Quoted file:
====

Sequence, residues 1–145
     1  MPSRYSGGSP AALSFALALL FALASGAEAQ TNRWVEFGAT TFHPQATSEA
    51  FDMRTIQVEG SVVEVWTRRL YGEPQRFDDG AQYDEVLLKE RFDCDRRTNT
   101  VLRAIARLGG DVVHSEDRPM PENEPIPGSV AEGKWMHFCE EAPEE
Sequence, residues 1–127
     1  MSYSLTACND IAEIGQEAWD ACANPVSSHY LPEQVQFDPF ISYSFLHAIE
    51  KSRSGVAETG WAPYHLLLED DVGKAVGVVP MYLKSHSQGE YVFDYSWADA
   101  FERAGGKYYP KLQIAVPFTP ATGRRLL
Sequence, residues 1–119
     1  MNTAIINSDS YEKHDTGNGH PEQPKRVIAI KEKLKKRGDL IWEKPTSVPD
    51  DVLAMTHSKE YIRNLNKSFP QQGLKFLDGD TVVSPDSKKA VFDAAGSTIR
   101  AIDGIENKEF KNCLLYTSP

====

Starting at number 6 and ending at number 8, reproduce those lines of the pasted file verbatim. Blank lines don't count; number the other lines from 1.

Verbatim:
     1  MSYSLTACND IAEIGQEAWD ACANPVSSHY LPEQVQFDPF ISYSFLHAIE
    51  KSRSGVAETG WAPYHLLLED DVGKAVGVVP MYLKSHSQGE YVFDYSWADA
   101  FERAGGKYYP KLQIAVPFTP ATGRRLL